Dr. John Gottman identifies the four killers of relationships as criticism, contempt, defensiveness and stonewalling. If we want to make a relationship work, we have to get rid of these four things. What about your relationship with you? If I want my relationship with myself to work, do I have to get rid of the criticism, contempt, and defensiveness towards ourselves as well? The answer is yes. These four things will lead to anger and resentment, no matter at whom they are aimed. If I only greet myself with contempt and criticism, I will become angry and resentful and the world. If I only notice where I struggle, or put the blame in the wrong place, I will struggle to do well.
The opposite of contempt is compassion. Take a moment and think of someone you are really frustrated with or hurt by in your life. Now try to find a place where you can hold any kind of compassion for them, seeing them as more than just the asshole that is making your life difficult. For anyone over the age of 25 that is usually pretty easy to do. We see the whole picture and know that even though this person may not be our best friend, they aren’t a complete and total horrible person. Now find a part of yourself that you consistently hold in contempt. Find one thing about that part of you that you can hold compassion for, even for a second. Much more difficult, right?
When we look in the mirror and see nothing but the warts and the problems we aren’t finding compassion. We aren’t seeing the whole picture, only the parts that are bad and ugly. Often we hold ourselves in contempt in as an effort to force ourselves to improve things, but it doesn’t actually work. It creates depression and pain and often creates stagnancy.
Criticism often starts with a “why” question. In a past post I discussed why “why” is a problem. It is accusatory and judgmental creating automatic defensiveness, no matter who you are. “Why don’t you ever do the dishes?” “Why are you such a jerk all of the time?” “Why do you never get off your ass and help me?” “Why don’t you have a job yet?” These create anger and resentment and defensiveness when we ask them of other people, and at the same time we throw these questions at ourselves all the time. Often we add a little bit of contempt in there as well. “I don’t know why I can’t get off my fat ass and go to the gym”. “I don’t know why I’m so lazy.” These statements often do the exact opposite of what we want them to do, which is to motivate us. We think “Well, if I call myself a fat ass I will move and it will change”. But what they really do is encourage shame and depression.
The opposite of criticism is what Dr. Gottman calls the soft start-up. This involves changing the statement to a wish, want or would like that comes from a neutral tone. “I would like you to help me with the dishes more.” Identifying feelings about what or isn’t happening. “When you don’t help with the dishes I think you aren’t invested in keeping the house running, and I feel alone and overwhelmed.” We can use the same skills with ourselves. Instead of using shame to try to motivate, change the language you are using and identify what you want. “I want to exercise more and spend more time with friends.” Identify the feelings that are related to the lack of success, and that often get in the way. “I’m feeling very dismayed and ashamed right now and they keep me from doing what I know I need to do”. Changing the way we approach talking about difficult concepts, moving from judgment to desires changes the dialogue.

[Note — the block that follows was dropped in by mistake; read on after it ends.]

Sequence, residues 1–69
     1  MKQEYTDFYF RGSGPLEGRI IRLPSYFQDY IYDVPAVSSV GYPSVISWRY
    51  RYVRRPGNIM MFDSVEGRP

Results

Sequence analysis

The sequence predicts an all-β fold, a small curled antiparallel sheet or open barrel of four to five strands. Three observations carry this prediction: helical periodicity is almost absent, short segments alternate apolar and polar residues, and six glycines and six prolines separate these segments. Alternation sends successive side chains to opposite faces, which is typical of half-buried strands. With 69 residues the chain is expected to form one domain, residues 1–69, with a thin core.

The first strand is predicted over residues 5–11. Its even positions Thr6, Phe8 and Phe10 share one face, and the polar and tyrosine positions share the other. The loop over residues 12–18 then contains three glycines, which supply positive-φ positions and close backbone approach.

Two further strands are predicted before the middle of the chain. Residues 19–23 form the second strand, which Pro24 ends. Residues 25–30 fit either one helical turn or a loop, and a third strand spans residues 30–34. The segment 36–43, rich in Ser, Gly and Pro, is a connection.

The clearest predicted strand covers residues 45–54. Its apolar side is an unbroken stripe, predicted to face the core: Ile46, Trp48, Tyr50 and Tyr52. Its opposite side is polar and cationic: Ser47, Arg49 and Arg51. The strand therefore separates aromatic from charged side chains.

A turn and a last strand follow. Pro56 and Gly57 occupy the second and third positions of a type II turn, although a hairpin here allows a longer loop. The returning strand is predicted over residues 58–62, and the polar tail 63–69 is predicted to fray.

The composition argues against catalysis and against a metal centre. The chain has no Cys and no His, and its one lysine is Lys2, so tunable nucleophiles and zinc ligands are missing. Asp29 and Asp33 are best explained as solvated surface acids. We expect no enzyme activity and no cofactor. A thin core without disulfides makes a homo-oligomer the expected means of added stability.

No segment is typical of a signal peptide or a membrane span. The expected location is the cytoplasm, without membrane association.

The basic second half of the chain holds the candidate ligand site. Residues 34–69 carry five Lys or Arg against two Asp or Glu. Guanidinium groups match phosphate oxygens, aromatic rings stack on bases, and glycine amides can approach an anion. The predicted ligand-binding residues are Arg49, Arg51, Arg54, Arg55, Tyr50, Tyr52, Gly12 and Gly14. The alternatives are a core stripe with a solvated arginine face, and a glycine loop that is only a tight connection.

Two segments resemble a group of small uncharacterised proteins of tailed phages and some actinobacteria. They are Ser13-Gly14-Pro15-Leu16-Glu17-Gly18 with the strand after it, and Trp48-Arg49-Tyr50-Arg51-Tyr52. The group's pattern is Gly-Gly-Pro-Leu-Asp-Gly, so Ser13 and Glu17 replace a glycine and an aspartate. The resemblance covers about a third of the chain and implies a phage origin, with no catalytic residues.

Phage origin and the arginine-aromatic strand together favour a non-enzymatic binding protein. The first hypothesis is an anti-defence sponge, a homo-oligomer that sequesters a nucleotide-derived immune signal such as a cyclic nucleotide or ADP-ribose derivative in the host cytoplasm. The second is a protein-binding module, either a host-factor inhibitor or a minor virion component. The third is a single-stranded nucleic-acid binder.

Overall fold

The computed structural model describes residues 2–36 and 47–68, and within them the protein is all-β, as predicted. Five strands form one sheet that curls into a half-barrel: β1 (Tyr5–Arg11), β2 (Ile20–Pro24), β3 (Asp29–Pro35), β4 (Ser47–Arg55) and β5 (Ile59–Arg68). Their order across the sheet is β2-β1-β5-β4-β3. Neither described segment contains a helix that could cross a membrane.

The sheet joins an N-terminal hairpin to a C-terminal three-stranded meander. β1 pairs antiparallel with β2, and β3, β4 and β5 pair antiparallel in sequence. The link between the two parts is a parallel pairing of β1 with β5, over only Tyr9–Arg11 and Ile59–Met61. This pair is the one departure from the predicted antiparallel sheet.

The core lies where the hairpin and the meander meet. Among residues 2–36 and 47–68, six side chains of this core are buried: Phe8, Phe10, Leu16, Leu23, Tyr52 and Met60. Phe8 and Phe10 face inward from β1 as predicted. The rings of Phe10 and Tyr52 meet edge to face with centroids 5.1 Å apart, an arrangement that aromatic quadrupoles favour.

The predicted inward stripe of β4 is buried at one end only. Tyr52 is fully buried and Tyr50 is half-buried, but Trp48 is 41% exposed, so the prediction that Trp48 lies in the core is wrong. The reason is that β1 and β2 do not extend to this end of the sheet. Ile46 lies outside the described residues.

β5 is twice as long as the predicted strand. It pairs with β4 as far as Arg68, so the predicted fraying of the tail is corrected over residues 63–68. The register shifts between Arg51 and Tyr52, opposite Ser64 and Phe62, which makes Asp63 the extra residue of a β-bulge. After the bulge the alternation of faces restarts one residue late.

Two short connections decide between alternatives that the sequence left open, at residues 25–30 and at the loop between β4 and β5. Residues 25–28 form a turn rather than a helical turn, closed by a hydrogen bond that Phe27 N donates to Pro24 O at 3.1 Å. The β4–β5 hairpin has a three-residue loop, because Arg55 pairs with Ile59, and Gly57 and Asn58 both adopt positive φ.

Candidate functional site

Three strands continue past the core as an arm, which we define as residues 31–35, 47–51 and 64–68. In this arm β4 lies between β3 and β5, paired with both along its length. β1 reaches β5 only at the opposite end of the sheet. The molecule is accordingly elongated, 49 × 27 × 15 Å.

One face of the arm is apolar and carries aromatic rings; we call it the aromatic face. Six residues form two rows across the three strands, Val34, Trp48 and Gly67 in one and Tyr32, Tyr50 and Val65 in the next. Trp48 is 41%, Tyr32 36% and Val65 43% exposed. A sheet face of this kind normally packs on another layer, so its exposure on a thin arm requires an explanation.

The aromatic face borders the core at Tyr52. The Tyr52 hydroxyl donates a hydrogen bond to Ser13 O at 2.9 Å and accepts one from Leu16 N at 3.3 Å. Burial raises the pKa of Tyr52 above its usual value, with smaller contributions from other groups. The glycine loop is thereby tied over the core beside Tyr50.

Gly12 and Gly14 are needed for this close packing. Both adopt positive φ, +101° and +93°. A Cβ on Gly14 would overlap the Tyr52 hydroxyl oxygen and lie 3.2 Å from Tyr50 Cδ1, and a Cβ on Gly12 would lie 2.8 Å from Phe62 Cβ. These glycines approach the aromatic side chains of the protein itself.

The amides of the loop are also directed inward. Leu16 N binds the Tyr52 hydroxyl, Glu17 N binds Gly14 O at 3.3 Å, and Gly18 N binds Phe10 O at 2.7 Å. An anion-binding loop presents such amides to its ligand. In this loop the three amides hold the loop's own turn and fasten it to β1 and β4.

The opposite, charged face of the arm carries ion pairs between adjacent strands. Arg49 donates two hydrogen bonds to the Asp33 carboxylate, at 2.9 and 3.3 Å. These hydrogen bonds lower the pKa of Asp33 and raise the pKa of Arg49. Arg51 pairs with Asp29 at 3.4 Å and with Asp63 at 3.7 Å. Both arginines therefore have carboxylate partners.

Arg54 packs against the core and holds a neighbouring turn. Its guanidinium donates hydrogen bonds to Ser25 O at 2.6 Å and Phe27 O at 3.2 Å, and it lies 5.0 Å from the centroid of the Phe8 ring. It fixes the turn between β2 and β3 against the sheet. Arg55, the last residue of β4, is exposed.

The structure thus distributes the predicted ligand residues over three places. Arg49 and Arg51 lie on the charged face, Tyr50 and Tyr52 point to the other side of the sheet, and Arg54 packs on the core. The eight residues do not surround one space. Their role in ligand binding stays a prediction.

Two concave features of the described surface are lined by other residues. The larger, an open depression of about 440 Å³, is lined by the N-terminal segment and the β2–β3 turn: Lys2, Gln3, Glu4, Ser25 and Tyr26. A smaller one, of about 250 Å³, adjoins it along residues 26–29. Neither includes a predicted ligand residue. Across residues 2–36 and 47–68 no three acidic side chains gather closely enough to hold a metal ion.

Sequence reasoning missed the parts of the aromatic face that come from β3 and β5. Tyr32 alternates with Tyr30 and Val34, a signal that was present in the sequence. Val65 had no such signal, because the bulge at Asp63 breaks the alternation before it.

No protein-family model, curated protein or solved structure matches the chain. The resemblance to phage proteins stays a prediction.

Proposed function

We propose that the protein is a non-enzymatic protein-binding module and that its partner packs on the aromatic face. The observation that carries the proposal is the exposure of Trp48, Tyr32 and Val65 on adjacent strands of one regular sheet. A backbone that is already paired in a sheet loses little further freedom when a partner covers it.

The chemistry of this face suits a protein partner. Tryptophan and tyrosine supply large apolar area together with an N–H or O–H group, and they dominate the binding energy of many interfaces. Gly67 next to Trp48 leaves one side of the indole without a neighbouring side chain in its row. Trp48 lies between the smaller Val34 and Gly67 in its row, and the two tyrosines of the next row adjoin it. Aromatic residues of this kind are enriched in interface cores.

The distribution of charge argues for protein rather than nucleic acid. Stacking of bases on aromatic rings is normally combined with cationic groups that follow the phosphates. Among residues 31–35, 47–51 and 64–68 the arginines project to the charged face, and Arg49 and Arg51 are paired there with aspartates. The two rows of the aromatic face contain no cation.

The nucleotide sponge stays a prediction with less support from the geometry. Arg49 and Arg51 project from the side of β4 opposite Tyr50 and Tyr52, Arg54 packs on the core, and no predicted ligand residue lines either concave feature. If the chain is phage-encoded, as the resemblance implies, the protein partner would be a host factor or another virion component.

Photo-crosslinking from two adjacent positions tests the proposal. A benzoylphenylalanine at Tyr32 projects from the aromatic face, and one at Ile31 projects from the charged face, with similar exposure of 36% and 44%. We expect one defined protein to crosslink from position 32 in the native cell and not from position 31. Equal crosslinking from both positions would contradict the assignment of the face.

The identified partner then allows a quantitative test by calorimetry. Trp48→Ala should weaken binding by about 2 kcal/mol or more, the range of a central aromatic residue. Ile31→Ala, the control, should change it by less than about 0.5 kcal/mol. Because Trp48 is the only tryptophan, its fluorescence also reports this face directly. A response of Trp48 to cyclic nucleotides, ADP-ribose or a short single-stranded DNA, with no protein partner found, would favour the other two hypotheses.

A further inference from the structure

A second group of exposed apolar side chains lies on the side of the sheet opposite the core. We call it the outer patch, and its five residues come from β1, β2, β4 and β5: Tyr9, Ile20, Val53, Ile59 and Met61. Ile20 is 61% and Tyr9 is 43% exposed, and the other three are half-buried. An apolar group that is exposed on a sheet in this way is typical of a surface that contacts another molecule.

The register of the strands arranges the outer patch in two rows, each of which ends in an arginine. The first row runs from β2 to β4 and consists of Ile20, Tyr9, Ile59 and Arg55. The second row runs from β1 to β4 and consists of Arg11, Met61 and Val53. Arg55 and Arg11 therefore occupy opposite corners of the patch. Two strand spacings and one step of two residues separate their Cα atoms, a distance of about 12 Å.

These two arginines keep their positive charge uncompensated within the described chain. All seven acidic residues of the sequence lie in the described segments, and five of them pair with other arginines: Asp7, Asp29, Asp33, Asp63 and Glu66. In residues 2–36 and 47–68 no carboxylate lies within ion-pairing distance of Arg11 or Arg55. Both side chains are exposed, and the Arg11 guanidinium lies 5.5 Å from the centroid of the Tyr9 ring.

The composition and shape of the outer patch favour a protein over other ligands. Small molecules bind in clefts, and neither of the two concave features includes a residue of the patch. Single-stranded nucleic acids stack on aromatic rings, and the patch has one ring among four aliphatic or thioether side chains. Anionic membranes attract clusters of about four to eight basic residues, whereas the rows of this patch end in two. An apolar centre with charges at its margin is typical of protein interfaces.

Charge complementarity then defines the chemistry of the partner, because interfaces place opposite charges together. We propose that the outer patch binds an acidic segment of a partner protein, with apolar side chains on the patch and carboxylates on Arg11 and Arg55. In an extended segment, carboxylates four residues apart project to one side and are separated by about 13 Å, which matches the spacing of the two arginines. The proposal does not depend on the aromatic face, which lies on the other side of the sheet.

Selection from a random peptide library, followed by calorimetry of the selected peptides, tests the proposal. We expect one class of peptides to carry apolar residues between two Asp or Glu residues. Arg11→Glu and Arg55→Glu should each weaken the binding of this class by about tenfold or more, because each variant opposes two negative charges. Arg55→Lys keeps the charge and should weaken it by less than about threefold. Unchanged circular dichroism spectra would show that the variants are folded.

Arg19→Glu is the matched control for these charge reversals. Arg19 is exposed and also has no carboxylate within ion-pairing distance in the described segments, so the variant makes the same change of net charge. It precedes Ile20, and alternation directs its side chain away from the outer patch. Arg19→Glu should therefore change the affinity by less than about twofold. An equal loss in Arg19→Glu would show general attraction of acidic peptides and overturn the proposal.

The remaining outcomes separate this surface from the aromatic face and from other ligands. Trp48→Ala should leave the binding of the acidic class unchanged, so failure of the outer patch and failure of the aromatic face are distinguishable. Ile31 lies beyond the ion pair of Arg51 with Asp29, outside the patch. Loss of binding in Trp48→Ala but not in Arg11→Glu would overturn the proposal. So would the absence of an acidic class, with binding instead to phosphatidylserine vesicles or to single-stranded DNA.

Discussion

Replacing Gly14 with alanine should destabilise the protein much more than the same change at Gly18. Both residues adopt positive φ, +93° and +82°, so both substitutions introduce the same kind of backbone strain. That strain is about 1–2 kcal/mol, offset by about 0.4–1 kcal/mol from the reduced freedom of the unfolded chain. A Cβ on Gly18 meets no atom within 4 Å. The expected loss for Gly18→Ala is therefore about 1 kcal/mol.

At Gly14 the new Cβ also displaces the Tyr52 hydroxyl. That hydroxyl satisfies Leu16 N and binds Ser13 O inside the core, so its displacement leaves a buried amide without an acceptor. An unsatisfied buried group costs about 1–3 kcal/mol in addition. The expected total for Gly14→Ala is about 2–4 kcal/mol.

The opposite of defensiveness is accountability. This will mean something very different from the judgments that you’ve already been throwing at yourself. You already tell yourself how horrible you are. This isn’t accountability, this is shaming and damaging. Accountability is difficult and scary, because it means seeing what the problem actually is. It means being able to look and identify the reason that you aren’t able to meet up with friends is because you’re embarrassed about something and you are afraid that they will judge you as harshly as you judge yourself. You struggle to go the gym for the same reason, but tell yourself that you’re just too lazy to go. It’s admitting that you struggle to stick with a diet because you feel that the only good thing in your life right now is the food you get to eat and you are afraid that if you give it up, there will be nothing. Accountability is being honest with the things you’ve been avoiding and a way to move past the avoidance instead of using shame, criticism and contempt.
I titled this blog “Finding Forgiveness” and until I haven’t mentioned the concept. These three things: defensiveness, contempt, and criticism all get in the way of forgiveness with ourselves and with others. They keep us stuck in a cycle of shame and anger, fear and judgment. When we are in that cycle, we aren’t able to find peace or forgiveness for others or ourselves, and we can’t find health. Letting go of the judgment that leads to contempt, criticism and defensiveness is difficult. It is rewarding. When you can find compassion for our own short-comings we are better able to face them and improve. When we learn to let go of the language of shame and learn a language of motivation, we move forward. When we take accountability for the truths in our lives instead of the hurts in our lives, we aren’t as angry. This is what forgiveness is.